Title: The Master Algorithm: How the Quest for the Ultimate Learning Machine Will Remake Our World
Author: Pedro Domingos
Publisher: Beacon Press
Publication date: February 2017
Price: $24.95, hardcover, 288 pages
Technology is revolutionizing our understanding and treatment of diseases. Machine learning and big data have become the wave of the future in science and medicine. For instance, ASCO’s CancerLinQ™ harnesses real-world cancer data from electronic sources and provides quality feedback to oncologists, who in turn use that data to help them personalize their patient care. Big data and learning machines are on track to become the ultimate tool for the world’s top research labs and medical institutions.
However, this brave and bold new way forward is still shrouded in technomystery to many in health care. A new book called The Master Algorithm: How the Quest for the Ultimate Learning Machine Will Remake Our World assembles a highly readable, step-by-step blueprint for understanding this invaluable computational tool. The author, Pedro Domingos, Professor of Computer Science at the University of Washington and a fellow of the Association for the Advancement of Artificial Intelligence, has accomplished what many scientists have failed to do: take a highly complex subject and reduce it into a good read, a page-turner in fact. The book is organized into 10 chapters, with well-placed subheads that neatly break up long sections of narrative.
A Knack for Analogy
Only a generation ago, the word algorithm usually drew a blank stare. Today, algorithms are woven into the fabric of society. That said, as the author points out, the term might be familiar, but many still cannot define it. In simple terms, an algorithm is a sequence of instructions telling a computer what to do. In machine learning, each algorithm learns from its predecessor. Not surprising, Mr. Domingos warms up the reader with a nuts-and-bolts rendition of algorithms and machine learning.
He has a knack for spot-on analogy, noting that in the information-processing ecosystem, machine learners are the superpredators, and databases are the herbivores. He writes: “Databases, like elephants, are big and heavy and never forget. Among these patient beasts dart statistical and analytical algorithms, compacting and selecting, turning data into information. Learners eat up this information, digest it, and turn it into knowledge.” According to the author, if every algorithm suddenly stopped working, it would be the end of the world, as we know it.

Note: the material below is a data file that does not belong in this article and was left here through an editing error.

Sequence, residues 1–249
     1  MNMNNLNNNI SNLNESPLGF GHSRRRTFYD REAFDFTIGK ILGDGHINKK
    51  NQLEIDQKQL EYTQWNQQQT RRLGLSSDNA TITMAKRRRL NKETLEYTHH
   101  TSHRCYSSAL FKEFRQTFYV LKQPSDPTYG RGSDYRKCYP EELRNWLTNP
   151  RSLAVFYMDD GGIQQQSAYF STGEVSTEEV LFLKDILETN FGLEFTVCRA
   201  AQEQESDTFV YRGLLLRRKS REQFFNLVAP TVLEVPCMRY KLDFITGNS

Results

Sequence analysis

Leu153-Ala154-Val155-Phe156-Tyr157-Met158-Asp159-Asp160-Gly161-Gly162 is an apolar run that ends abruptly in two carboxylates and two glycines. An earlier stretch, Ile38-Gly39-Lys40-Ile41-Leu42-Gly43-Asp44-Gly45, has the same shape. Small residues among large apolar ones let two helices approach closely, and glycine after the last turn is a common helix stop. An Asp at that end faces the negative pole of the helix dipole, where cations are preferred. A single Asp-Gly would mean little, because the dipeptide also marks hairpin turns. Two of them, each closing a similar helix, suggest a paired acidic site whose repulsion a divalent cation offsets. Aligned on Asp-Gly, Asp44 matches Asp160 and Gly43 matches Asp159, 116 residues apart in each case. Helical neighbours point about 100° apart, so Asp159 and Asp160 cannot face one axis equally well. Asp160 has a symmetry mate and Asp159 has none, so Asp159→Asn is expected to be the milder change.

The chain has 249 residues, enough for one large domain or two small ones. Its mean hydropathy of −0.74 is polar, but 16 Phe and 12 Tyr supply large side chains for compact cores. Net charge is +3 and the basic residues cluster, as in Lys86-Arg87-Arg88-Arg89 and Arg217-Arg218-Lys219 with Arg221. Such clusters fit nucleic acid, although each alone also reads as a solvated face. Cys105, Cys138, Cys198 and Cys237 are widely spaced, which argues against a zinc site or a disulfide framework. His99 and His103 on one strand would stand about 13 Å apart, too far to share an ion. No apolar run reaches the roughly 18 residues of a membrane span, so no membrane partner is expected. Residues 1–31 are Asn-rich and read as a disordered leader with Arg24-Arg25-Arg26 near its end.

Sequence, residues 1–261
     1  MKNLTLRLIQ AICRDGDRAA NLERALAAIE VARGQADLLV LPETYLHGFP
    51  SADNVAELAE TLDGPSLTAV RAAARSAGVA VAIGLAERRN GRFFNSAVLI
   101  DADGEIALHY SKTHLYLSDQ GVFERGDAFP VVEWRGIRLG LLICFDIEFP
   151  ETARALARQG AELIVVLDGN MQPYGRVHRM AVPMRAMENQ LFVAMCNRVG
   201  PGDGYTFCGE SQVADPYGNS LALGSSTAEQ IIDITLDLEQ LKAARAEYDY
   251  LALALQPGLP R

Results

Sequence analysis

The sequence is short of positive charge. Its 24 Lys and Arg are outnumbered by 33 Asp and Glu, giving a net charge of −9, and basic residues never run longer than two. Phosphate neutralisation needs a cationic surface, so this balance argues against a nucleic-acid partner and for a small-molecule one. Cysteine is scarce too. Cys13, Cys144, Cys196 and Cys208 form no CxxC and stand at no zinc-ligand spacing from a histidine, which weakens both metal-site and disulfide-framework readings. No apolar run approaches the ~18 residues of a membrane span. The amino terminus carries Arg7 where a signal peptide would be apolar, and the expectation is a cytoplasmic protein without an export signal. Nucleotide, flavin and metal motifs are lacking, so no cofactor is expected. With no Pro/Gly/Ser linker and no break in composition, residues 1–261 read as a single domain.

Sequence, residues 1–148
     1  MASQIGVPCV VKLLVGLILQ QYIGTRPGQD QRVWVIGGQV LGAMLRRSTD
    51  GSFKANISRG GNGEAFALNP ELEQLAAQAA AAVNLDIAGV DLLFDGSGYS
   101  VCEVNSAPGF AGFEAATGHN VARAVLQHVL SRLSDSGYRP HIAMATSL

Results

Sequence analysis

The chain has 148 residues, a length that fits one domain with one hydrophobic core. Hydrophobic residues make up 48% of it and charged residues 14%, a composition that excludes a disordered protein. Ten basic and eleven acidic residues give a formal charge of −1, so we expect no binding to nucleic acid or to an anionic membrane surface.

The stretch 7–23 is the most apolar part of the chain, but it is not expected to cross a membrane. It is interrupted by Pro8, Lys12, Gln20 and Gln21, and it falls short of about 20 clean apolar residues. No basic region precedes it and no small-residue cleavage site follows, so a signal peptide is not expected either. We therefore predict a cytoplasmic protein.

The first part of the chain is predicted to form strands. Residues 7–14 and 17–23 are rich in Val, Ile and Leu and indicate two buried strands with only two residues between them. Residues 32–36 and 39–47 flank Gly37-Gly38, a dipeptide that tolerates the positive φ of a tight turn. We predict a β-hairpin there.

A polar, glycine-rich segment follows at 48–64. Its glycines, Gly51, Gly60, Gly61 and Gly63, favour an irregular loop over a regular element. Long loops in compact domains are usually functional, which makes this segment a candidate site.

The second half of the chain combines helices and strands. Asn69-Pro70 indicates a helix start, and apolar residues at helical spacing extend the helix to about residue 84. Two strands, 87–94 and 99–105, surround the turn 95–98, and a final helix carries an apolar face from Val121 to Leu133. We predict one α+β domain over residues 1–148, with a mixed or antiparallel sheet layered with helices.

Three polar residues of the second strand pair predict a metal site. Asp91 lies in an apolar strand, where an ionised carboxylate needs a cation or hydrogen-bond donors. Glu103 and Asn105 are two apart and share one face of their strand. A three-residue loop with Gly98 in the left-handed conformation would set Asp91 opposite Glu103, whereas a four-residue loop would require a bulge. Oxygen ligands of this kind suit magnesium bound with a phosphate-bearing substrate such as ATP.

Focus on Cancer
The author delves into cancer several times, noting that machine learning and algorithms coupled with our knowledge of the human genome can help develop simulations about how the cancer cell works, enabling us to simulate on a computer model the effect of a specific patient’s mutations as well as the effect of different combination targeted drugs. He notes: “A cancer drug must disrupt cancer cells’ workings without interfering with normal ones. If we have an accurate relational model of both, we can try many different drugs in silico, letting the model infer their good and bad effects and keeping only the best ones to try in vitro and finally in vivo.”
The ASCO Post readers will especially enjoy a subhead in chapter nine called, “The Doctor Will See You Now,” in which the author begins: “The cure for cancer is a program that inputs the cancer’s genome and outputs the drug to kill it.” The oncology community not only embraces that concept, but also is ahead of the curve. However, the author develops a futuristic program—one that could only have been built with machine learning—that will know every cell pathway, regulatory mechanism, chemical reaction, and tumor mutations—in effect all the ingredients needed to develop drugs that will kill the cancer. He ends on an enthusiastic note: Algorithms will cure cancer.
At times, The Master Algorithm delves too deeply into philosophical musings over, among others, Bayes’ theorem and Newtonian determinism, perhaps giving a small headache to readers who prefer to stick to the value of algorithms in today’s world and hope to find answers to difficult questions buried under mountains of dense data. Others, however, will find these intellectual digressions stimulating. Make no mistake: This book, as fine a read as it is, takes work and is not for readers unacquainted with heady science writing.
Mr. Domingos is a brilliant computer scientist who has written a valuable book. But he’s not an oncologist, and at times, he treads a bit too heavily into the difficult world of cancer. But that’s a small gripe. This book is recommended for The ASCO Post readers. ■